Thank you to everyone who’s asked what it was like going to my first residency at the Vermont College of Fine Arts. I think it’s taken so long for me to write this post because, in addition to catching up with life and not getting behind on my work, I was a little too close to it all until today. It was a lot to get my head around, as the saying goes. The words of advice we most often heard were, “Pace yourselves. You can’t do it all.”
Monday, 12/28/09: First semester students arrive. I would be staying in a dorm, Dewey Hall. In my packet is the final schedule for the residency, something I would never want to be without for the next 10 days. The first meeting takes place after supper. First semester students of all ages (lots right out of college) appear to be choosing the low-residency format because it more closely resembles the life of a writer, and it allows for a life outside of school. Students are here to study fiction, poetry, and creative non-fiction.
Tuesday, 12/29/09: Orientation continues with, among other things, visits to the library and getting our picture made for our student ID. Finally, the first substantive event, a faculty reading at 8:00 pm.
Wednesday, 12/30/09: No water in the entire town of Montpelier. A water main burst. Thank goodness I took a shower last night. First lecture at 10:00 by Ellen Lesser on the State of the Story. Students interview faculty at 11:15 to figure out who to request for an adviser. Takes place in a large room where each writer/teacher has a little spot and the students move about asking questions or listening. Think speed dating. First semester students choose eight, any of whom I’d be happy with. Workshops start after lunch, always two hours plus. Two writers/teachers with 12 students, a nice mix of all five classes (1st, 2nd, 3rd, 4th, and Graduates). Faculty readings. Student readings (I’m first!).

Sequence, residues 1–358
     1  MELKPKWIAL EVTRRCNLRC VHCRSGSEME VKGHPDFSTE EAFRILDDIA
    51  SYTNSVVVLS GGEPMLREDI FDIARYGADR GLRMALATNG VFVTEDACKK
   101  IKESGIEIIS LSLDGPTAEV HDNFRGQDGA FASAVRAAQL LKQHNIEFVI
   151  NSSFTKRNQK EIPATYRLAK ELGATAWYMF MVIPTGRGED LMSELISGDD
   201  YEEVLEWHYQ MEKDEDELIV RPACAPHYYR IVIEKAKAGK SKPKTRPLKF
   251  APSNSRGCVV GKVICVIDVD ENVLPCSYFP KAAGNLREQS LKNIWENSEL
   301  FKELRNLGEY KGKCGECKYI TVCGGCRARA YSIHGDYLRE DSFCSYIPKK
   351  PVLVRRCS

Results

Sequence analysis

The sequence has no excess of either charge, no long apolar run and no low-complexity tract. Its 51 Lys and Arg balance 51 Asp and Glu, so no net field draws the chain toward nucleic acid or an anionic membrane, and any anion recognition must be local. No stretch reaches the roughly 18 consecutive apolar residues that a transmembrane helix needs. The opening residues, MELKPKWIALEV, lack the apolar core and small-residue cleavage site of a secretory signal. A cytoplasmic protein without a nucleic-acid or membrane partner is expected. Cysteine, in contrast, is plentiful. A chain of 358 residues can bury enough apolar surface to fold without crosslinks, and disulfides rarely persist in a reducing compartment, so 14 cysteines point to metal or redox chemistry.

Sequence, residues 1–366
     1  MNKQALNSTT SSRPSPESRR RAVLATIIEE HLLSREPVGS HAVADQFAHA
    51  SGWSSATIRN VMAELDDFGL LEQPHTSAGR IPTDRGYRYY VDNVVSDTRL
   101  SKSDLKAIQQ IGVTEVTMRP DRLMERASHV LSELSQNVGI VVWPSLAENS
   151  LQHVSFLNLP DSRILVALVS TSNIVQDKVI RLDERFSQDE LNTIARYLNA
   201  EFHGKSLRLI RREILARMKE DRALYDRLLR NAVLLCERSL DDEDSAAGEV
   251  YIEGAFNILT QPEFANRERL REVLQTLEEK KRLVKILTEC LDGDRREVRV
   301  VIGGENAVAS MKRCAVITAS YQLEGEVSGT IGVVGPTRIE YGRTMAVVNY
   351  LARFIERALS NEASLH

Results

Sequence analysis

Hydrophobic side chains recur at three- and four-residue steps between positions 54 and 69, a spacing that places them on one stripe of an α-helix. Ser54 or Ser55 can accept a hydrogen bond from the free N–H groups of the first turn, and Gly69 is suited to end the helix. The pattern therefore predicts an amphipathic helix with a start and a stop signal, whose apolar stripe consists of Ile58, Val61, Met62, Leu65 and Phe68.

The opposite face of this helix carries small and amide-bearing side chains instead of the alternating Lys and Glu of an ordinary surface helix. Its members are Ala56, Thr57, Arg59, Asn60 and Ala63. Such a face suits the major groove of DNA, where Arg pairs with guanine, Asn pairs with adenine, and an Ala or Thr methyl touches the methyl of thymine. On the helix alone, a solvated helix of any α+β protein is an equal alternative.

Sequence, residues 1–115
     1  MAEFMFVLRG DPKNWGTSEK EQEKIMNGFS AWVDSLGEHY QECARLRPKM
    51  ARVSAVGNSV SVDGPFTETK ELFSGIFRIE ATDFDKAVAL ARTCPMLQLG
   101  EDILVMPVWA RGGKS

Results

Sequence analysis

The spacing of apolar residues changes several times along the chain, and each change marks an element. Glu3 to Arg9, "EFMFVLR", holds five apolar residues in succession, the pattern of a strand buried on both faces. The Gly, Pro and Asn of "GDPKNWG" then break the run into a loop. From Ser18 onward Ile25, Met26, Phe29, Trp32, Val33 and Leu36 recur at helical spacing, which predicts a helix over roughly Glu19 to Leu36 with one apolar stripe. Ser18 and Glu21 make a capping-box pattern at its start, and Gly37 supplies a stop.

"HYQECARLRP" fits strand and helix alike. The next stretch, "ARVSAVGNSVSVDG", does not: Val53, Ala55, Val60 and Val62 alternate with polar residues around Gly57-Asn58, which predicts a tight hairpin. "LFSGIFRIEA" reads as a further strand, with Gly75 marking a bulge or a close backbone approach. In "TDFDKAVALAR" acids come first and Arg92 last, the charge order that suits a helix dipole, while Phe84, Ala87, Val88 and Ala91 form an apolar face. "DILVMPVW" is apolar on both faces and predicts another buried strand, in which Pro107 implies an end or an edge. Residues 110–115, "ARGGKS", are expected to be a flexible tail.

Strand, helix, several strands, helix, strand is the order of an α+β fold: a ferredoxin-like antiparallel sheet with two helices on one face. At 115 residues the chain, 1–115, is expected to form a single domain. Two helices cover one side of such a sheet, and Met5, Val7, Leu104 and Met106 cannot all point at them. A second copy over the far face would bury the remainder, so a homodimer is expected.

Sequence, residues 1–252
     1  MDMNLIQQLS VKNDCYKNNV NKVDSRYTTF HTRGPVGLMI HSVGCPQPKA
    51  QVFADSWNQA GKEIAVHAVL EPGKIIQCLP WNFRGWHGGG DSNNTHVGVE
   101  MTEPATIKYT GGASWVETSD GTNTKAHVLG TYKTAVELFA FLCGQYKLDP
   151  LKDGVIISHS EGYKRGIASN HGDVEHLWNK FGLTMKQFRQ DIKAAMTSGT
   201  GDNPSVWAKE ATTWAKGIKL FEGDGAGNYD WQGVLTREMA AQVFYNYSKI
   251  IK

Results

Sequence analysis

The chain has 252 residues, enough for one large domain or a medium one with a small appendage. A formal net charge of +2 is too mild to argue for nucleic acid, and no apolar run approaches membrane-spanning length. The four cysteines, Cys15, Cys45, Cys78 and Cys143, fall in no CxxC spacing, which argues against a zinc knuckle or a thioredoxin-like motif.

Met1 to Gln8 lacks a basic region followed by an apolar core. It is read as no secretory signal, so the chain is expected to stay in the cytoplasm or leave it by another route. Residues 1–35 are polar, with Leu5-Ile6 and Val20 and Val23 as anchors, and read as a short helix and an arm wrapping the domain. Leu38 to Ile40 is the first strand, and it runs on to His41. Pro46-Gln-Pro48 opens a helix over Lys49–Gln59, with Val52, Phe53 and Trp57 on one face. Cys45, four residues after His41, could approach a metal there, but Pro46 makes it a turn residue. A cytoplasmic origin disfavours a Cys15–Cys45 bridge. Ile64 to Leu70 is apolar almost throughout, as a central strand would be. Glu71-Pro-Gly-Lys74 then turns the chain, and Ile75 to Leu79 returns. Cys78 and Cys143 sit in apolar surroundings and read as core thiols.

Thursday, New Year’s Eve: Yes, it’s true. I did ask why: lots of faculty and students have other jobs so VCFA tries to make use of all holidays. More lectures, readings, and workshops. A lecture by Natasha Saje on ways to evaluate literary texts. An auction to celebrate the new year.
Friday, New Year’s Day: I do attend the 9:00 am lecture by Robert Vivian on the wonder of the sentence. (I’m responsible for recording it!) In fact, this is a day full of lectures. No speaking required by students. A lecture by Laurie Alberts on 4 choices re time: real time, slow it down, speed it up, compress it. Adviser forms due today. More readings. The list of advisers and their assigned students is posted on the Noble bulletin board.
Saturday, 1/2/10: More lectures. Our first meeting with our advisers. This is a group meeting with the adviser and all his or her advisees. We receive the dates our packets will be due, what the packets will contain, and how to send them. Mine are due every four weeks by mail and should contain a letter/summary of my work over the four-week period, approximately 30 pages of fiction, and a 2-3 page critical analysis of some aspect of craft (just one of these, I think.) Workshops. A lecture by Larry Sutin on how we end up reading what we do in a lifetime. More readings.
Sunday, 1/3/10: Lectures and readings. David Jauss gives a lecture on abstractions (they are a short cut that asks the reader to do the hard part). My meeting with my adviser. We work on a reading list for the semester.
Monday, 1/4/10: Workshops, lectures, talks, and readings. A talent show.
Wednesday, 1/6/10: Workshops and readings. Last lecture of the residency by Phyllis Barber (and last at VCFA for her-she’s retiring) on the craft of writing. Most lectures are not just good but outstanding, and I learn something from each one. This program is so the right thing for me to be doing.
Friday, 1/8/10: Travel day. My shuttle picks me up at 3:30 am(!) for a 6:00 am flight out of Burlington.
[you might also be interested in the second residency]